BACKGROUND

The present invention relates generally to a design system and in particular to an augmented reality design system for use in designing articles.

Augmented reality systems have been previously proposed. Kobayashi et al. (U.S. patent application publication number 2005/0174361) teaches an image processing method and apparatus. Kobayashi teaches a position and orientation stylus for use in a mixed reality system. The stylus is used to orient a virtual object with respect to a real model. Kobayashi teaches that a user may use the stylus to touch the real model. The system is then able to determine the position and orientation of the real object and align the virtual object accordingly.

German patent number 20203367 teaches a system for early visualization of a vehicle design model in three dimensional form. The device generates a set of data for a vehicle or part of a vehicle. Another device generates a virtual reality model using the data set to be stored in memory. A control device overlays a real model of a vehicle with the virtual reality model using augmented reality. A projection device in the form of a monitor depicts the vehicle model.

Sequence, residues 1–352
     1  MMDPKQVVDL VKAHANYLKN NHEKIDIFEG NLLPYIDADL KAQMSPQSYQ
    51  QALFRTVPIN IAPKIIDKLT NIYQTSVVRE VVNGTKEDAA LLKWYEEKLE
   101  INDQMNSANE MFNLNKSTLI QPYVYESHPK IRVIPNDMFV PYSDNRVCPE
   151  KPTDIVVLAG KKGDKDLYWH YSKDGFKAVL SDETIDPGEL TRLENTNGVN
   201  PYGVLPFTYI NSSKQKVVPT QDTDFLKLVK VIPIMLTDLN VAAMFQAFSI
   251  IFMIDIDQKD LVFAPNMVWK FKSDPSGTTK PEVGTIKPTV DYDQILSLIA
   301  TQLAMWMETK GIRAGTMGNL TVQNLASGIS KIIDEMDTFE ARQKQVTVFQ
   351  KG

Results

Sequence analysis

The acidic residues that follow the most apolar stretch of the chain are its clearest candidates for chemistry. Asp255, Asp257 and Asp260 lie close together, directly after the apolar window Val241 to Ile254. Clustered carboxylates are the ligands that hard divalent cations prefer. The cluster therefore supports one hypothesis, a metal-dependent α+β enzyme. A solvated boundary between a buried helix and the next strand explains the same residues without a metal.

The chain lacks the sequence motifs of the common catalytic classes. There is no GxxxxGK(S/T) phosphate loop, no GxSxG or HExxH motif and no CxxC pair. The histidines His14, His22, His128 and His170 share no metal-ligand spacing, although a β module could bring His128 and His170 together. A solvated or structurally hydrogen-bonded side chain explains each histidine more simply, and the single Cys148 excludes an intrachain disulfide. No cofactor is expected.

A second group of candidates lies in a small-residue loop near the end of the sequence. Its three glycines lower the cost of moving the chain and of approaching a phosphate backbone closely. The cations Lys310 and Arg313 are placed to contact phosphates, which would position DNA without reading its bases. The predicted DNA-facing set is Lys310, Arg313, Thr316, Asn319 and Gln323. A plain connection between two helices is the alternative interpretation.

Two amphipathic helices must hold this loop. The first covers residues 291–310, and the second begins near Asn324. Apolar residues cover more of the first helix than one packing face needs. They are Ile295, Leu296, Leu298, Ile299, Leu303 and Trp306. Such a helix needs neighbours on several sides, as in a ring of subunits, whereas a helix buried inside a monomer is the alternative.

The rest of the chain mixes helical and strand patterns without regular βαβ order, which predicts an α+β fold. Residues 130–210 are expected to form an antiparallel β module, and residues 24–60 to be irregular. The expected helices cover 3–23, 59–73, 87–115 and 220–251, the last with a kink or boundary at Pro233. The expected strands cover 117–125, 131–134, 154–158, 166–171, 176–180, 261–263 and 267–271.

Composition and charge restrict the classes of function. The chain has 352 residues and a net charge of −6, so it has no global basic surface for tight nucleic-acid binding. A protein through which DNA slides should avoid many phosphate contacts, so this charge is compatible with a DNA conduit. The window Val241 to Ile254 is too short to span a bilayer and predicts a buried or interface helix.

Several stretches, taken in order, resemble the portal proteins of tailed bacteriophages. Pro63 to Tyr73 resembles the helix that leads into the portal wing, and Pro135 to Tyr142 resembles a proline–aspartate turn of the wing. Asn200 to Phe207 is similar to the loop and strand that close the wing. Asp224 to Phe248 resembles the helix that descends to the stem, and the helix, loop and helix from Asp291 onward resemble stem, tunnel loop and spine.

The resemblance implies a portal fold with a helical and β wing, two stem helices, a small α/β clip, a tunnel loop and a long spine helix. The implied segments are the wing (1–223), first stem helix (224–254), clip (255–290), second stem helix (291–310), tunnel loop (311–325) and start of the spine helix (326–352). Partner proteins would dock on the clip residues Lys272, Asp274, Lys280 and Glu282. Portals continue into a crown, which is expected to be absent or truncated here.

The related art lacks provisions for efficiently designing an article in real time using an augmented reality system.

SUMMARY

In one aspect, the invention provides a method of designing an article, comprising the steps of: viewing a proxy on a display device, the proxy existing in a real-world environment; contacting the proxy with an interacting device to create a virtual design for the article; and where the virtual design is displayed on the display device so as to appear to be a part of the proxy.